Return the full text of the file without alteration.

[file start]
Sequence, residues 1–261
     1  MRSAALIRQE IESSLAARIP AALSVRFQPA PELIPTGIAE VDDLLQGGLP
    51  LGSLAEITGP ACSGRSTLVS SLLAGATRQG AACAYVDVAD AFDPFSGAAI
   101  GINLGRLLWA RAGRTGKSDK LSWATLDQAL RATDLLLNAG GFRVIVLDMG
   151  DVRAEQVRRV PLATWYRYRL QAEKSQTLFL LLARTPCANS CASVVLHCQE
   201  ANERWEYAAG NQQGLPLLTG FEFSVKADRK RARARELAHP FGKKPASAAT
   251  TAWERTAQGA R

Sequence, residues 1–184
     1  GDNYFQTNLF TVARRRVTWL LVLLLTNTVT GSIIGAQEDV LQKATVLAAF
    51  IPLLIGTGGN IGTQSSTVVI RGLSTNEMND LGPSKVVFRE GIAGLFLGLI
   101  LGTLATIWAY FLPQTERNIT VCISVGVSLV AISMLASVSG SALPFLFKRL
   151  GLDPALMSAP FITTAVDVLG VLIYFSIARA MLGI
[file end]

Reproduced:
Sequence, residues 1–261
     1  MRSAALIRQE IESSLAARIP AALSVRFQPA PELIPTGIAE VDDLLQGGLP
    51  LGSLAEITGP ACSGRSTLVS SLLAGATRQG AACAYVDVAD AFDPFSGAAI
   101  GINLGRLLWA RAGRTGKSDK LSWATLDQAL RATDLLLNAG GFRVIVLDMG
   151  DVRAEQVRRV PLATWYRYRL QAEKSQTLFL LLARTPCANS CASVVLHCQE
   201  ANERWEYAAG NQQGLPLLTG FEFSVKADRK RARARELAHP FGKKPASAAT
   251  TAWERTAQGA R

Sequence, residues 1–184
     1  GDNYFQTNLF TVARRRVTWL LVLLLTNTVT GSIIGAQEDV LQKATVLAAF
    51  IPLLIGTGGN IGTQSSTVVI RGLSTNEMND LGPSKVVFRE GIAGLFLGLI
   101  LGTLATIWAY FLPQTERNIT VCISVGVSLV AISMLASVSG SALPFLFKRL
   151  GLDPALMSAP FITTAVDVLG VLIYFSIARA MLGI